Copyright © 2021 Albuquerque Journal
SANTA FE – With many New Mexico cities and counties struggling to staff frontline positions, momentum could be building for legislation that would partially undo a 2010 law that bars retired public sector employees from going back to work while still collecting pension benefits.
Several counties have passed resolutions supporting a “return-to-work” proposal, which received largely positive feedback during a Tuesday legislative hearing.
Rep. Bill Rehm, R-Albuquerque, said he’s working on a proposal for the upcoming 30-day legislative session to allow retired law enforcement employees to be rehired without having to put their retirement benefits on hold.
He also said the current system has led to out-of-state residents being hired to many top municipal police department posts.
“Unfortunately, what we’re finding is our younger generation do not want to be police officers,” Rehm said during the meeting of the legislative Investments and Pensions Oversight Committee.
The panel did not vote on whether to endorse the legislation, but several lawmakers said they would support the proposal.
Many New Mexico cities and counties have struggled to hire and retain law enforcement officers, jail workers and employees for other key positions during the ongoing COVID-19 pandemic.
In Curry County, for instance, 50 of the county’s 190 budgeted positions are vacant. The 50 unfilled posts include nine jobs with the county sheriff’s office and 35 with the county detention center, said county manager Lance Pyle.
He said reimposing the return-to-work program could allow cities, counties and the New Mexico state government to “build back” their depleted workforces.
State lawmakers banned return-to-work for state employees, law enforcement officers and local government workers in 2010, after the practice – which is also known as “double dipping” – came under fire from labor unions and other critics for straining the state’s retirement fund for state, county and municipal workers and stifling internal promotions. Previously, such employees had been allowed to retire and then return-to-work while still collecting both a pension and a salary.
While most lawmakers who spoke during Tuesday’s committee hearing voiced support for the proposal, Sen. Liz Stefanics, D-Cerillos, pointed out there are also high vacancy rates in other public sector jobs, including teachers and State Parks employees.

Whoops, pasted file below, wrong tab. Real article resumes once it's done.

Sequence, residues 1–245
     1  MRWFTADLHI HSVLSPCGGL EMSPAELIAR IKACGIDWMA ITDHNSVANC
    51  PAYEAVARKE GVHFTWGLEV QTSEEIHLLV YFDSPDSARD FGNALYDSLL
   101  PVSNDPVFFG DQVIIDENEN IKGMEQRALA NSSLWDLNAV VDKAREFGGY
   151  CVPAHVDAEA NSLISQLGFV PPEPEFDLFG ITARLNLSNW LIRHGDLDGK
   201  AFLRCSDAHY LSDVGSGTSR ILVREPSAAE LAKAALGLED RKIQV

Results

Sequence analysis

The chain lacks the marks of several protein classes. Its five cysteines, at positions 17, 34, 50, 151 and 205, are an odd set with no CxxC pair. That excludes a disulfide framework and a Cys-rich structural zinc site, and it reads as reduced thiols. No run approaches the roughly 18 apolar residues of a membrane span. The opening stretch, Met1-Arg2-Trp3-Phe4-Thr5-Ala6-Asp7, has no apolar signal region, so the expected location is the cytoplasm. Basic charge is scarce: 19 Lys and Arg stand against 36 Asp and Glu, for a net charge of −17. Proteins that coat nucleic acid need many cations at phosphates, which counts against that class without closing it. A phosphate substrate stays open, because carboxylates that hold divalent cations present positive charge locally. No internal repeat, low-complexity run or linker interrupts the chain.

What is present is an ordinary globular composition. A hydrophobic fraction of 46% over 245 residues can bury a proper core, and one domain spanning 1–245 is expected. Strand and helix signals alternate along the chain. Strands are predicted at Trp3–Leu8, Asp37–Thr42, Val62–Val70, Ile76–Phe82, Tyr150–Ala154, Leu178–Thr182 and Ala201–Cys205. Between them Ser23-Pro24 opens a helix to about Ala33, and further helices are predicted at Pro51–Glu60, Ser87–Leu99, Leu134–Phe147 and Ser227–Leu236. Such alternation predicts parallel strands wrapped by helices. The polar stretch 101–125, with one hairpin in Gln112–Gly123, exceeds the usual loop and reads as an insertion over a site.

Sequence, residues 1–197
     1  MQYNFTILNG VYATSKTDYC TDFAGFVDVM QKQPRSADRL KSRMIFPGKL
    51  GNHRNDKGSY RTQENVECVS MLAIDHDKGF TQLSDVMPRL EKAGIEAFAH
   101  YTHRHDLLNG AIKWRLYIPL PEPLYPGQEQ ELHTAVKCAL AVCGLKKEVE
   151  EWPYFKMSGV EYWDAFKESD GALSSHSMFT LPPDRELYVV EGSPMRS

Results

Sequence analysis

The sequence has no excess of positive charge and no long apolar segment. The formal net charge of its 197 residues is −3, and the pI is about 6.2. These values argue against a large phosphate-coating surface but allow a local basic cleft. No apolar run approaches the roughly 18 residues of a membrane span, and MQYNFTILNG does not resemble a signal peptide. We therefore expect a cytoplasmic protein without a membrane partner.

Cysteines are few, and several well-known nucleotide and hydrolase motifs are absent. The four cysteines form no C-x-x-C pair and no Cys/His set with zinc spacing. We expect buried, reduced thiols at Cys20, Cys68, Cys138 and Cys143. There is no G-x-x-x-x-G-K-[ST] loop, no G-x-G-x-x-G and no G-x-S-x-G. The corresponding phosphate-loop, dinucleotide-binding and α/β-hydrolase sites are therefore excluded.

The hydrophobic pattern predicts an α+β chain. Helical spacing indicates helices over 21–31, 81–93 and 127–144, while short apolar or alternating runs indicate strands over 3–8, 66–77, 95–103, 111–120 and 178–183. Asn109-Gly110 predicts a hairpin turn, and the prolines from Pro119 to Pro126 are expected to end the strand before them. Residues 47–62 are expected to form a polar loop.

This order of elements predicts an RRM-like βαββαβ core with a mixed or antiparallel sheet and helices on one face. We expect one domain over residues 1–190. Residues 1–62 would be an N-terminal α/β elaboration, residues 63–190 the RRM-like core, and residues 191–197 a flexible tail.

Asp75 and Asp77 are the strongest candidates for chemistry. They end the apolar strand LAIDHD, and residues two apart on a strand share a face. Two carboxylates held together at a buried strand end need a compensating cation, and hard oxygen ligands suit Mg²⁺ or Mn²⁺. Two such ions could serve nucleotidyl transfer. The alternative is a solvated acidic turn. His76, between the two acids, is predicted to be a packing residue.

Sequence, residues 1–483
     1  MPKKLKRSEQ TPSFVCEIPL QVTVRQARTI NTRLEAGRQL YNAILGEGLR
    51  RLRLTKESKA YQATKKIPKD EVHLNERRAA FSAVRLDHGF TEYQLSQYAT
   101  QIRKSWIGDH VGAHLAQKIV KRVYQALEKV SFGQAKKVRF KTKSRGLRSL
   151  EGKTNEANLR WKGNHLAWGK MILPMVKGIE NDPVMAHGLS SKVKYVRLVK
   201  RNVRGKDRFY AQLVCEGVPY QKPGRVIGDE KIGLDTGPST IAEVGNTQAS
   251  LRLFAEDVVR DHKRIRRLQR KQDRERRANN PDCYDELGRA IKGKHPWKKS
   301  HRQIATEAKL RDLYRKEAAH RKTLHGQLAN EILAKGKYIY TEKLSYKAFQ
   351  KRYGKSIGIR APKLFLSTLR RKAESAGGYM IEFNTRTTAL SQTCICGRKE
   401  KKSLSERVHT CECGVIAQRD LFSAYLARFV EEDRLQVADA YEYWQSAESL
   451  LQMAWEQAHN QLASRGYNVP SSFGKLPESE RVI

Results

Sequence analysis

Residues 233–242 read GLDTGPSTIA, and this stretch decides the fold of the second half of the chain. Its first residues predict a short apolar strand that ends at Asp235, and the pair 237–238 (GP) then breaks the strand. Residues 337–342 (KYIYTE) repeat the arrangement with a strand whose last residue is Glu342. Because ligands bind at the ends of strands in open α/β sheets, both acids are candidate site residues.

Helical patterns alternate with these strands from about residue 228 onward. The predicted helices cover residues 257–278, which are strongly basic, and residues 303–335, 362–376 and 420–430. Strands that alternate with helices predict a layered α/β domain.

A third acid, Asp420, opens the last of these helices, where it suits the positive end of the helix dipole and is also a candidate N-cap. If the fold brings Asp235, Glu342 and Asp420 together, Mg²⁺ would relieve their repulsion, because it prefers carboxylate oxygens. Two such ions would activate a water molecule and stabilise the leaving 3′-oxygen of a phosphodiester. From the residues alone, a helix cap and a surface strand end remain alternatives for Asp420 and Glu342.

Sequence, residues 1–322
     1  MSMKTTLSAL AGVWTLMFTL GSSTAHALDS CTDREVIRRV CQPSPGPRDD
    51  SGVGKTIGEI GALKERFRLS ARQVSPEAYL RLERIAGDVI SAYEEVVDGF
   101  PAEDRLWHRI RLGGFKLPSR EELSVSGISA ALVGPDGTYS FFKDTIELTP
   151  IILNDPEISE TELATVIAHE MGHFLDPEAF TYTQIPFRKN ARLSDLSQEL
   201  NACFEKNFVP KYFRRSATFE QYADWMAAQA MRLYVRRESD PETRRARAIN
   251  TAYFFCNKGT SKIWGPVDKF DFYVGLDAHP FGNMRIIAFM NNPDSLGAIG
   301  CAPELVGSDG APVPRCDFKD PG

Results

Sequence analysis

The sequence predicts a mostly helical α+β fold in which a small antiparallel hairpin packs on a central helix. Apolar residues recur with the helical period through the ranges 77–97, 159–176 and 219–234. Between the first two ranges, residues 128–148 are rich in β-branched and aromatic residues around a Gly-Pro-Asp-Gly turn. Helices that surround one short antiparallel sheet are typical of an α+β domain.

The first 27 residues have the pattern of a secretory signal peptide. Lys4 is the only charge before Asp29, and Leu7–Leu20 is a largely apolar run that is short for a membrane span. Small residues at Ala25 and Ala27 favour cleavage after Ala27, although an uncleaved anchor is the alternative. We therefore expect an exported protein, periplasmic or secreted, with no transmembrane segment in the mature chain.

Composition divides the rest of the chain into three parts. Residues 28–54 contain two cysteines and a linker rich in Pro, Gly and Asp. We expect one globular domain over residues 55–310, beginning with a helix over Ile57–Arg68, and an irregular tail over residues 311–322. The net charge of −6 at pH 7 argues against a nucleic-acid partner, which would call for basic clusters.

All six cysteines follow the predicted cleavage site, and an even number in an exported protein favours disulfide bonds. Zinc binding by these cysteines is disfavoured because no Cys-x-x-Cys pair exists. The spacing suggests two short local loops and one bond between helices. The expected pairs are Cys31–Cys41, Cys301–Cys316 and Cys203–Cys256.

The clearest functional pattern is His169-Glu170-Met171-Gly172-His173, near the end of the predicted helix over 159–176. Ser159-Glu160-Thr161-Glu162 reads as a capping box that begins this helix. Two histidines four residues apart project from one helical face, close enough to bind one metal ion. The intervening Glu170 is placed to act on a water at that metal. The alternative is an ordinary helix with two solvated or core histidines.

And other legislators questioned whether increasing starting pay levels for public sector jobs might be a better solution to the state’s retention issues than allowing retired employees to return to work while still collecting their pensions.
“We do not pay virtually anyone in the state adequately,” said Rep. Christine Chandler, D-Los Alamos.
Previous attempts – most recently in 2016 – aimed at getting retired law enforcement officers to return to work have been unsuccessful at the Roundhouse, with critics saying the focus should be on hiring younger employees.
But Rehm expressed optimism the bill could have better odds in 2022, saying after Tuesday’s hearing, “I think there’s more traction now.”
Gov. Michelle Lujan Grisham, who has called for 1,000 new police officers to be hired statewide in the coming years, has the authority to decide which non-budgetary issues should be added to the agenda of the 30-day session that starts in January.
The Democratic governor has already announced some issues she plans to prioritize, and is expected to solidify her legislative agenda in the coming weeks.
A Lujan Grisham spokeswoman did not comment specifically on the proposal Tuesday, but said increasing New Mexico’s public safety personnel would be one of the governor’s focuses during the upcoming session.
Meanwhile, Rep. Phelps Anderson, a Roswell independent, described bringing back the return-to-work program as a fair solution to a lingering issue that’s been exacerbated by the pandemic.
“This shortage of law enforcement officers is not going to get better,” Anderson said.